Moving is one of the major decisions one makes in a lifetime. Neome, my wife, and I made our big decision to move from Bayside to Lido Beach in 2001. We purchased an attractive -- "cute" is perhaps a more apt description -- ranch house on a quiet one-way street. The spectacular, sprawling black cherry tree with the large white blossoms and the nearness to the sand dunes and ocean beach fascinated us. Our two married daughters, Hope and Joy, and three grandchildren residing in adjacent Long Beach totally convinced us. Hope and her family lived within one mile and Joy and her husband 2.9 miles away.
We contracted with a moving company for Tuesday, Sept. 11. Monday, the day before, was opening day of the new school year and we wished to avoid any possible delays. We were careful. We had thought of everything. The long anticipated big day finally arrived! An enormous moving van and four burly workers arrived precisely at 8 a.m.
After about an hour, the foreman, listening to his radio, suddenly shouted and all work stopped. A passenger plane had crashed into the World Trade Center and the upper floors were engulfed in flames. Our TV sets were already packed and we could only listen to the radio. That was some horrendous accident, we all concluded.
After a few minutes we went back to packing our belongings. About a half-hour later the hysterical radio announcer reported that another plane had crashed. We knew then it was no accident. The men finished loading our possessions. Everything became a blur as I remember them leaving about 11 o'clock to meet us at our new home.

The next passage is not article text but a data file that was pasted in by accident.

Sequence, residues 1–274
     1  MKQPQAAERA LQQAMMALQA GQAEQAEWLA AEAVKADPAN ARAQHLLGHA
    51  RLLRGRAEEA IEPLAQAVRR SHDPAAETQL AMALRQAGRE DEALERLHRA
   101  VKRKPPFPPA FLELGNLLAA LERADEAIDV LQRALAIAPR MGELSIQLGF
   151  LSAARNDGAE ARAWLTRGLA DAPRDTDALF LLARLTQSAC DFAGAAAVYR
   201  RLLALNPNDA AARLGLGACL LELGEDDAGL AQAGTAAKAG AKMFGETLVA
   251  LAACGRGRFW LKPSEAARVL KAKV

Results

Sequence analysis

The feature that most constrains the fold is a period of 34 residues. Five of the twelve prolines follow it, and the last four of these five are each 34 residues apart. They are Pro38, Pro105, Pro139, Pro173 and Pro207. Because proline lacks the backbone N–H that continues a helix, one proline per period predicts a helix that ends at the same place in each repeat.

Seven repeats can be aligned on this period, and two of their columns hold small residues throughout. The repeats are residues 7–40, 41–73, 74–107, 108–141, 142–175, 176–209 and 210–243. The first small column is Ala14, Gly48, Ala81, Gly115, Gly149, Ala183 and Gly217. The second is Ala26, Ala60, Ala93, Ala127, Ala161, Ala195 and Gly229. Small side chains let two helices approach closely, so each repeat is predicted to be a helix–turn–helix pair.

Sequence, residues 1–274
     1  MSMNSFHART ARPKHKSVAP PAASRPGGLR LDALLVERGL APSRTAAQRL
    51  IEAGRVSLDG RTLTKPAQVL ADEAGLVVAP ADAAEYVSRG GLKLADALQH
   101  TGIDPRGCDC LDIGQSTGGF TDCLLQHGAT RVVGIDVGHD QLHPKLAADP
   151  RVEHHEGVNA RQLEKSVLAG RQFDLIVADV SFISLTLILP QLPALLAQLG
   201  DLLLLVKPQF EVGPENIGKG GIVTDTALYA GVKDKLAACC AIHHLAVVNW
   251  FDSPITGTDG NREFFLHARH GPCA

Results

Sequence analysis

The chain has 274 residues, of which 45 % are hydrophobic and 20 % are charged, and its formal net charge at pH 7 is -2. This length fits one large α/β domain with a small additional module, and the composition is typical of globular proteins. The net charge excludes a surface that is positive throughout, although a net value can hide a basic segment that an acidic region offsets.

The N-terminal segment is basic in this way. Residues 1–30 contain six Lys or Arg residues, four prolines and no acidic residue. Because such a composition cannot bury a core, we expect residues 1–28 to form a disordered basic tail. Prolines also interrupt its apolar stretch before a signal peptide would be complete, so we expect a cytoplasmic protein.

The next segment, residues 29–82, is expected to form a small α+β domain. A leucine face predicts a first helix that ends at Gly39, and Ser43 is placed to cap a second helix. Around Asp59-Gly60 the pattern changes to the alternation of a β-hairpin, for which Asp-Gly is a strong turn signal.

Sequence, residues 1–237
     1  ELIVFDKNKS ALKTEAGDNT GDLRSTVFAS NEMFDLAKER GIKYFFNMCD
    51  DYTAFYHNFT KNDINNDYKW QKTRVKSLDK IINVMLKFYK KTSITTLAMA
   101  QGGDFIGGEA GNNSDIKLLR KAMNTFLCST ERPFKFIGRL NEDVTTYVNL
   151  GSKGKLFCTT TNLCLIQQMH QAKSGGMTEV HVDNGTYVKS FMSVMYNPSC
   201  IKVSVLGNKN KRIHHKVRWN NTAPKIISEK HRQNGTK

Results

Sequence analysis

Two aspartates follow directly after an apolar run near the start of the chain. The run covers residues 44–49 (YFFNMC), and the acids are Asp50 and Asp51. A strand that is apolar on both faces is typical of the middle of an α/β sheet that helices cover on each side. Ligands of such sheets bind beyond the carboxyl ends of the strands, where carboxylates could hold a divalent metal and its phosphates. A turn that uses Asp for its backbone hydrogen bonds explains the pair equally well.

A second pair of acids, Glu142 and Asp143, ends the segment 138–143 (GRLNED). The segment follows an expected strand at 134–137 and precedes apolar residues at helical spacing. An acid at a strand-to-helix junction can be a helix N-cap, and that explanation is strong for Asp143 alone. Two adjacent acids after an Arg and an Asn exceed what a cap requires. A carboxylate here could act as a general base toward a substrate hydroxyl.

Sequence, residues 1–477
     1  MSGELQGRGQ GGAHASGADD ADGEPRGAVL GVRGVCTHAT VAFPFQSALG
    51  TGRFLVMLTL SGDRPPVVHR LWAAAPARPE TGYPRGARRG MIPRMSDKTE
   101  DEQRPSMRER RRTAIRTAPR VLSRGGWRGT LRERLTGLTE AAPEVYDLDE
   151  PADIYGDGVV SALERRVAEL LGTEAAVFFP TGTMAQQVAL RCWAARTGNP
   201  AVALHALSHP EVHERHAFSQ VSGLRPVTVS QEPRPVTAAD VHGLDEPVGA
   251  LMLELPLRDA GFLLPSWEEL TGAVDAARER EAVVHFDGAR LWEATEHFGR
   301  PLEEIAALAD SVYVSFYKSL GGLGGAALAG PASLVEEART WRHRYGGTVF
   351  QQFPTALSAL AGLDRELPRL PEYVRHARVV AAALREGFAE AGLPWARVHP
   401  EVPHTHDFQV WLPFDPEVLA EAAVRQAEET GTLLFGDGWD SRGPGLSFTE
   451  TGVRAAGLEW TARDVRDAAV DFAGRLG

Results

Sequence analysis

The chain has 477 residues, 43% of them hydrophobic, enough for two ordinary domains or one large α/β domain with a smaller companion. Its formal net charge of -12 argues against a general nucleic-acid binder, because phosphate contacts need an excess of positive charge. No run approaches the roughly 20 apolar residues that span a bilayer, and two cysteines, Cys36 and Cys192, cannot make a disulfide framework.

Neome and I said our silent goodbyes to our three-bedroom ranch home of many years and departed for Lido Beach. Our drive should take about 40 minutes, we calculated. We hadn't reckoned on the major alarm and panic as the city went into full alert. Highways were closed with wooden barriers and police cars. A further terrorist attack was a distinct possibility. Cross Island Parkway was impassable, the Long Island Expressway closed, the Meadowbrook not feasible.
We twisted and U-turned through unfamiliar suburban streets, heading ever eastward. Somehow, we happened onto Peninsula Boulevard, which I knew would take us in the approximate direction. After a circuitous trip, we reached Austin Boulevard in Island Park, an area called Oil City, and found a backup of drivers staring at the western sky. We had a shocking view of a burning, smoldering lower Manhattan across the bay. Unable to continue, we sat transfixed.
After several hours of delay, we reached our new home. What a sight greeted us! There was the open door of the moving van. Our piano and king size bed sat at the curb. Four moving men ate a picnic lunch with liquid refreshments while lounging on the wide green lawn. Our belongings had arrived safe and sound and were soon placed in our new home.
Fourteen years have flown by since we moved to our retirement home at beautiful Lido Beach. Yet the traumatic events of that day remain vivid memories that stir mixed emotions.
Our daily routine is to stroll the nearby Long Beach boardwalk and absorb the brilliant sun, sandy beach and onrushing waves. We read bronze plaques secured to benches, many dedicated to local heroes of 9/11 -- first-responder firemen and police officers. These people gave their lives trying to save others at the World Trade Center.
My thoughts drift to our daughter's brother-in-law, who was one of the more fortunate. He worked as a lawyer in an upper-floor Trade Center office. That day, mere chance sent him on an early morning errand to deliver briefs at a courthouse. He returned to a chaotic scene of indescribable destruction.
I ponder, What is life? It is composed of joy and sorrow, fortuitous circumstance, achievement, and, sadly, misfortune.
To this day, when friends ask us how long we have been living in Lido Beach, we tell them a long story. We begin our reply with, "Oh, we moved here on 9/11/2001."
Reader Mal Cooper lives in Lido Beach.